[0028] In addition to providing or notifying users of new status information, it should be recognized that the email notices mentioned above (or separately generated email notices) can be utilized as part of a messaging service and/or to provide informative notices to the users. The computer system may also be configured to send electronic billing notices to users, through the computer network or otherwise, to serve as invoices for services provided to the user. For example, if a user is leasing his or her mail receptacle, the electronic billing notice may represent an invoice for that service.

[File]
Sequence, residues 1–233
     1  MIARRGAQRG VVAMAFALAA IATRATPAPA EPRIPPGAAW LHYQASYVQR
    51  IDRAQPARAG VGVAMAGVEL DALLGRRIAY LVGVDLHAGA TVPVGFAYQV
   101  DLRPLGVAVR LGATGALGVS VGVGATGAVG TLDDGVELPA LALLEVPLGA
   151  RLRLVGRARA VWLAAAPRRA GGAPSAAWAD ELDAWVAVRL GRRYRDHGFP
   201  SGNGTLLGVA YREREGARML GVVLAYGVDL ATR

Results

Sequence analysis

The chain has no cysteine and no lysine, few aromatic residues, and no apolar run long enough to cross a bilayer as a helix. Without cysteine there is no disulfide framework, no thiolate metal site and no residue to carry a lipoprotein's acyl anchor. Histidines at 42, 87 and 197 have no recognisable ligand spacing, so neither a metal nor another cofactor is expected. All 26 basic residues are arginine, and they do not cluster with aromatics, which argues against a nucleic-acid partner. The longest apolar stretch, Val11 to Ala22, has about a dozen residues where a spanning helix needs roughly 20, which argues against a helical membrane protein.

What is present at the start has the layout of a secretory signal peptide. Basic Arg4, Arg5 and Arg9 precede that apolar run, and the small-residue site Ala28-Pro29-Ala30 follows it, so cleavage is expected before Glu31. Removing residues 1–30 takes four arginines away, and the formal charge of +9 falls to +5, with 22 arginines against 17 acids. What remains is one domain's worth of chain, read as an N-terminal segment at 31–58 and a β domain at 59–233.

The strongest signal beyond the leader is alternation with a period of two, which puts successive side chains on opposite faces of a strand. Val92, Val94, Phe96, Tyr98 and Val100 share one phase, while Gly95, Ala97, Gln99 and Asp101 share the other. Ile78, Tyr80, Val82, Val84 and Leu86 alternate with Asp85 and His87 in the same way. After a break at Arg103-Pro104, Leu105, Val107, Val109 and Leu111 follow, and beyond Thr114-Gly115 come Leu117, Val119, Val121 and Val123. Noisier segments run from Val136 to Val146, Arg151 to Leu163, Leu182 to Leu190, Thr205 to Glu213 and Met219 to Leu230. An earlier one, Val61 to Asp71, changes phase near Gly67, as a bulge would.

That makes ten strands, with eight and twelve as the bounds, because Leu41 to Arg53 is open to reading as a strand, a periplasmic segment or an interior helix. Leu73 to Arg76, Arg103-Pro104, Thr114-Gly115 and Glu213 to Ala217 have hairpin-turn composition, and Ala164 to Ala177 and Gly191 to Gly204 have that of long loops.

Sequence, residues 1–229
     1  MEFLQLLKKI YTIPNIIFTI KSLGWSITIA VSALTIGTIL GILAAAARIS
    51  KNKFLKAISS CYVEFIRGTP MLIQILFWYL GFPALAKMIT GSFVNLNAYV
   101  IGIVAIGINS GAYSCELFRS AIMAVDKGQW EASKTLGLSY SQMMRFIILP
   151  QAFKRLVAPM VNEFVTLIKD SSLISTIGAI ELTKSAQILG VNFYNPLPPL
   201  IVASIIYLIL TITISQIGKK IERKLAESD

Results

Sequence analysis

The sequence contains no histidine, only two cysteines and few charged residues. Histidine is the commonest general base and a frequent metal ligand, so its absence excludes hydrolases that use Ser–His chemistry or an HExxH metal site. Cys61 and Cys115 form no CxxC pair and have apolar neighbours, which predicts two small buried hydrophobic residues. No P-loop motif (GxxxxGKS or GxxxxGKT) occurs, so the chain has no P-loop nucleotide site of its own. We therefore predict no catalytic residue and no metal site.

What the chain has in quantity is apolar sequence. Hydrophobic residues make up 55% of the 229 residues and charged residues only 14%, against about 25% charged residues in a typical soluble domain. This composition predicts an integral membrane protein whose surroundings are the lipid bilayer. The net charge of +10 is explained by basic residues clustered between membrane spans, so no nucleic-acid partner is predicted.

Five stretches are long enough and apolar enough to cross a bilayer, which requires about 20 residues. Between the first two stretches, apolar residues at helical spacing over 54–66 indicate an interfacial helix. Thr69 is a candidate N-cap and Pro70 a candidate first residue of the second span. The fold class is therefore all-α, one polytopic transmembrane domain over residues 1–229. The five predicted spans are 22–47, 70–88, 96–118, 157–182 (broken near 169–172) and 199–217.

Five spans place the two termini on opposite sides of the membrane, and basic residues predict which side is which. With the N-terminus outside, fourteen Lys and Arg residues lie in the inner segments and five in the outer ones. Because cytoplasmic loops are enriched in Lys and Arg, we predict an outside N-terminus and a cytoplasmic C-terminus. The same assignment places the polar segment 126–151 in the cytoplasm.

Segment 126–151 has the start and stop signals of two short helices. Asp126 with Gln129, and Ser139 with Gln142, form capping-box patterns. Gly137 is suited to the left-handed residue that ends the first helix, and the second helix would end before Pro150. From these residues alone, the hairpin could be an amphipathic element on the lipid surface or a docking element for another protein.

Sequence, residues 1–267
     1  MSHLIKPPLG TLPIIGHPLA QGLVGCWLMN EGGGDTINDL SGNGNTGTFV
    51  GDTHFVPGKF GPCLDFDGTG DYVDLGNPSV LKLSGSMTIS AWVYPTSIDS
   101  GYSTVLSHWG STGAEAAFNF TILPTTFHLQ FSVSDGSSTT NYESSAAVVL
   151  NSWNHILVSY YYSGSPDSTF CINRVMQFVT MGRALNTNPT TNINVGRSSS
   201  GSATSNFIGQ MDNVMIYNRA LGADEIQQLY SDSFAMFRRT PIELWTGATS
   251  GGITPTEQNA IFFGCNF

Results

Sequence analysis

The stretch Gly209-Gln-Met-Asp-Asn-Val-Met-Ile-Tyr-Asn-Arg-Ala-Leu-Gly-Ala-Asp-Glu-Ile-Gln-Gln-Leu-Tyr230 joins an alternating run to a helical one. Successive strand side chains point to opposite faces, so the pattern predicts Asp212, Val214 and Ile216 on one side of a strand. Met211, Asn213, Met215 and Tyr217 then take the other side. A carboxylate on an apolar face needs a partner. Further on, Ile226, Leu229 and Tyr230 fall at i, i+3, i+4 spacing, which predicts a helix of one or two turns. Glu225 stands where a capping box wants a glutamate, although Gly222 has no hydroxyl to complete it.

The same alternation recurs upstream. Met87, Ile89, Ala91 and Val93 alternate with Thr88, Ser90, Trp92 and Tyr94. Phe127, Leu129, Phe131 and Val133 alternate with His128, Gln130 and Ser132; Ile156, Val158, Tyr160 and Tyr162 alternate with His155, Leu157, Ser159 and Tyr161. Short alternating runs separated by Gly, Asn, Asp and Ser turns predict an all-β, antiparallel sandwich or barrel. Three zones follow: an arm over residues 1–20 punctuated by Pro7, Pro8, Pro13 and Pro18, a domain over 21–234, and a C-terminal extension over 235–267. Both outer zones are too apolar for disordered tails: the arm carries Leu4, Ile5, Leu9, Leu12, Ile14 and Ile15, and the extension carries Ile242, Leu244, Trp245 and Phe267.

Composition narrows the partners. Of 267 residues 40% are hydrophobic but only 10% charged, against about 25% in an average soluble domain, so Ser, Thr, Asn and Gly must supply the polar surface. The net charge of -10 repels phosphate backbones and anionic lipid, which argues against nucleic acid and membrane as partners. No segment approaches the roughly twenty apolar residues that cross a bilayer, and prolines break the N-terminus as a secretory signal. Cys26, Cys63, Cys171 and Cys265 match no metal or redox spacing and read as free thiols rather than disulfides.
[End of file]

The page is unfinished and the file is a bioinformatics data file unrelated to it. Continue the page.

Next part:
[0029] Although only nine mail receptacles and their associated detectors are included in the exemplary grid 152 of FIG. 3, it should be understood that such grid could comprise substantially more or less mail receptacles and detectors without departing from the scope of the invention. Similarly, while only two user computers 172, 173 are shown in FIG. 3, it should be recognized that each mail receptacle will have at least one associated user, and each user may have one or more computer devices connected to the computer network 196 for the purpose of, among other things, receiving status information from the computer system 150. Furthermore, although the user computers 172, 173 are depicted in FIG. 3 as desktop computers, those skilled in the art will recognize that other types of computer devices can be employed.